Plebiscite- free pizzazz
Connor Wherrett attended Glitter Gala
While still deciding whether to attend this year’s Glitter Gala I asked a trusted friend what the event actually was. When she described it as “gay formal” my ticket purchase was swiftly completed.
I can comfortably say that the event completely matched that description.
The Glitter Gala is a formal ball hosted by the University of Sydney Union in partnership with SHADES. The evening exists both as a celebration and a collectivisation: a chance for those inside the queer community to celebrate the steps we have taken, as well as coming together to make the next steps easier.
Upon entry, guests were greeted with two of my favourite things: a range of fabulous people from a range of gender and sexual identities, and alcohol.
Just as we all began to wrestle with how much more fabulous everyone’s recycled Mardi Gras outfits were than ours, the doors swung open to reveal a gorgeously decorated sit-down dinner scene. What was lacking in quantity of attendees was made up for by quality, as each table sat down and started revelling in each other’s wonderful company.
Apart from me wishing I had marked myself as a vegetarian to receive the gnocchi, the food was delicious and excellently paired with the atmosphere. This atmosphere was then lifted by the speeches given by some of the University’s sharpest tools in the (queer) shed. Particular mention must be given to Andrea Zephyr, who managed to fiercely advocate despite deleting her speech, and Marcus Wong, whose words shone as bright as xyr dress.
Once the meals were finished, the incredible crowd hit the dance floor and were absolutely not afraid to reveal their best. The group then continued to the SHADES-hosted after-party at The Bank, which provided more potential Snapchat story material.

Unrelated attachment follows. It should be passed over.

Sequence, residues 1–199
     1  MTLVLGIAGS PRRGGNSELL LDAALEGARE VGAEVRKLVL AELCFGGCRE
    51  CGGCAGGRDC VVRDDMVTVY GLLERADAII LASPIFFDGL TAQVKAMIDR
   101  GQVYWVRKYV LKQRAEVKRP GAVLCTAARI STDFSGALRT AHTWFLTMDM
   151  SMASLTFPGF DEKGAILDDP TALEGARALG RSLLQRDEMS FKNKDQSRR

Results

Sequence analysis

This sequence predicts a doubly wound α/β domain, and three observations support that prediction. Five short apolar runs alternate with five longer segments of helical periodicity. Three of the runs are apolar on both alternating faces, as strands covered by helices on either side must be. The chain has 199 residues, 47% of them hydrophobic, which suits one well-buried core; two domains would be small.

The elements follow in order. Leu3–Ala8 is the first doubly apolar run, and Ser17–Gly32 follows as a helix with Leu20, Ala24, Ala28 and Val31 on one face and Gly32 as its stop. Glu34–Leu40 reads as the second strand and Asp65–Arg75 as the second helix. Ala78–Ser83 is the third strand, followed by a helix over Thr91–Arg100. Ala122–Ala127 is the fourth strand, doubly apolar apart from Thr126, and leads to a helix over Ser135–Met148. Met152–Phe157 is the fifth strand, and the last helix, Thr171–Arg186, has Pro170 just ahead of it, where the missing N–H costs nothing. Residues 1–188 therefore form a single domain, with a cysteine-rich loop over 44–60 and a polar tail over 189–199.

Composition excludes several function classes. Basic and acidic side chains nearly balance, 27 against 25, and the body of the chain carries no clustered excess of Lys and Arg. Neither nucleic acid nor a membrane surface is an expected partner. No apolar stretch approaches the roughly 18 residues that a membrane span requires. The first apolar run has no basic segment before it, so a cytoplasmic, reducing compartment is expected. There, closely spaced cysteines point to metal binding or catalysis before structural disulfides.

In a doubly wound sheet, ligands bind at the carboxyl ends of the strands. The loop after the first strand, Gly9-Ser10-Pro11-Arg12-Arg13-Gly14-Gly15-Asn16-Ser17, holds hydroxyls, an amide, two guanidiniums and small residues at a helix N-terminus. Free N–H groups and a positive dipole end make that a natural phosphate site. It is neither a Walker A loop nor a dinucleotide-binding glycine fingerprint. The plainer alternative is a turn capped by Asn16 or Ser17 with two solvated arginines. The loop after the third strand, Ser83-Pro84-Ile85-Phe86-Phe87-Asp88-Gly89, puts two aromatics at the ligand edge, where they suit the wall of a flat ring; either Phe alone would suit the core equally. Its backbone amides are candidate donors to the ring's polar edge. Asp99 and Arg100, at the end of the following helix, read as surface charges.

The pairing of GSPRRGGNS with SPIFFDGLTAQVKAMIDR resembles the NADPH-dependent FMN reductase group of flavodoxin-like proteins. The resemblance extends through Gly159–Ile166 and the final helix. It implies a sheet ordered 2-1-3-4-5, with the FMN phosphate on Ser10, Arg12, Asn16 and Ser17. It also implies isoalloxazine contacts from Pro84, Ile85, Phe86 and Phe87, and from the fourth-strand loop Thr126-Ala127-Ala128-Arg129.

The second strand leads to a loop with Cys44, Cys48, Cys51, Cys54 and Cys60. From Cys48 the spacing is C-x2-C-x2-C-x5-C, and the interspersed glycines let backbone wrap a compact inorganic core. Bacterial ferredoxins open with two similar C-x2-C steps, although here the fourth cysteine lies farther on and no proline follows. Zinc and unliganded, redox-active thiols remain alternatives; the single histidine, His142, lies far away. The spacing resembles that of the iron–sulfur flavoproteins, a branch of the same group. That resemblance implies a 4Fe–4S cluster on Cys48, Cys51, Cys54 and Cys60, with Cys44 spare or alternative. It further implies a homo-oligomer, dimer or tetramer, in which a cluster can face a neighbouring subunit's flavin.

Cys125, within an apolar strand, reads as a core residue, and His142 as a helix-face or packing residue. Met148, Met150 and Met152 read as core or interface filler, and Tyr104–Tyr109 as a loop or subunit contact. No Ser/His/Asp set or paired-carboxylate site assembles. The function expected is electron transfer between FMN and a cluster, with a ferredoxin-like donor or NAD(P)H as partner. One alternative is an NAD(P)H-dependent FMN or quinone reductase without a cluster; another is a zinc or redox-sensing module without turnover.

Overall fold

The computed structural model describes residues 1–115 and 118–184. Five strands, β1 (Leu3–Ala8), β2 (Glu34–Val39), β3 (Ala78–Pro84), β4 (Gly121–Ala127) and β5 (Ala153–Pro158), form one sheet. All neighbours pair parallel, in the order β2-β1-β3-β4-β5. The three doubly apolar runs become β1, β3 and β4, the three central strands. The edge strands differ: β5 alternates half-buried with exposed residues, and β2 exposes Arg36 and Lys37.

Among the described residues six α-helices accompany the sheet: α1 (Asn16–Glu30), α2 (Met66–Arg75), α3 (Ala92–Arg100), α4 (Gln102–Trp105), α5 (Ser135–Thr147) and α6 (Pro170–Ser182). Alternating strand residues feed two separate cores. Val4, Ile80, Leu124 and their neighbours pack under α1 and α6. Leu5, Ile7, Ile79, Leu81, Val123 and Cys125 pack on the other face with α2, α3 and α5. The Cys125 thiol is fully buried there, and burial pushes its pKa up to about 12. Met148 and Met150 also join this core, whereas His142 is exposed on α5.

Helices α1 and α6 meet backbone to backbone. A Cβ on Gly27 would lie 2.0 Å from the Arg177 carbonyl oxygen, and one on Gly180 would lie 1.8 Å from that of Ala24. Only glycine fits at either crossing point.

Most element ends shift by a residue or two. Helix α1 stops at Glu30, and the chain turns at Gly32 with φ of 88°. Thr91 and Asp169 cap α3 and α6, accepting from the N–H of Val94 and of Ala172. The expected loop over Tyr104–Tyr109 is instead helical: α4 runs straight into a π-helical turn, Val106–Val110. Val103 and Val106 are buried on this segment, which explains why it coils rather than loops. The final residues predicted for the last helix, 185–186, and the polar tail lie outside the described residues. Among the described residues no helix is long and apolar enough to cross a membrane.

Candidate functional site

I’ll save you from the terrible concluding puns of a “gay old time”, but the event really was a triumph in what it set out to achieve. My only possible criticism is the fact that Ariana Grande’s superb hit Into You wasn’t played at all throughout the evening.
A black tie function with no clerkship offer at the end
Adam Ursino attended Glitter Gala… but also Law Ball, which is what this review is about
After an unexpectedly long night at Glitter Gala, I rocked up at Law Ball on Saturday ready to fall asleep. My sleep cycle has worsened, but Law Ball was well worth it.
Four Points by the Sheraton is a stunning venue. Its vibe was aptly compared to the feeling of walking into an expensive store with the knowledge that everything is unaffordable. Darling Harbour’s fireworks provided a picturesque backdrop as the 700+ guests ploughed into meals that sounded much more impressive on the menu (it’s amazing how well a PR team can sell “chicken and potatoes”) but satisfied nevertheless.
The guests were seduced into one of the three spaces Law Ball spanned across by the smooth tones of a jazz band. This, in coalition with the sea of expensively-dressed students and the constant provision of wine set the tone for the night.
As the night progressed, though, the music regressed. The DJ playlist consisted of somewhat lacklustre R&B, punctuated with occasional pop hits that failed to enthuse.
I wondered whether the poor music choices explained why I was approached and asked, in something of a stage whisper – no doubt an attempt to be heard over the pounding music but maintain some subtlety – whether I was sell- ing, or knew anybody who was selling, cocaine or MDMA.
Regardless of the music choices, people seemed to make do. Special mention must go to the group playing limbo using a tie, ushering each other underneath it to the tune of 2010s pop.
There were only a few attempts to embrace the “Film Noir” theme; the most notable was the seldom-used Snapchat geofilter. (I can, of course, conclusively confirm that it was seldom used, because amongst my near encyclopedic list of Snapchat law school friends, the geofilter featured in stories a measly two times).
Ultimately, Law Ball struggled to transition between Nondescript Fancy Event and Raging Dance Party, but the after party helped bridge this gap. Cargo Lounge had a sticky floor to rival Bar Century (RIP) and its playlist was an exponential improvement on Law Ball’s.
Law Ball, for all its missteps, was a solidly enjoyable night. It was both glamorous and groovy, but perhaps the most valuable moments were those that money can’t buy, like the rare opportunity to see law students outside of the library.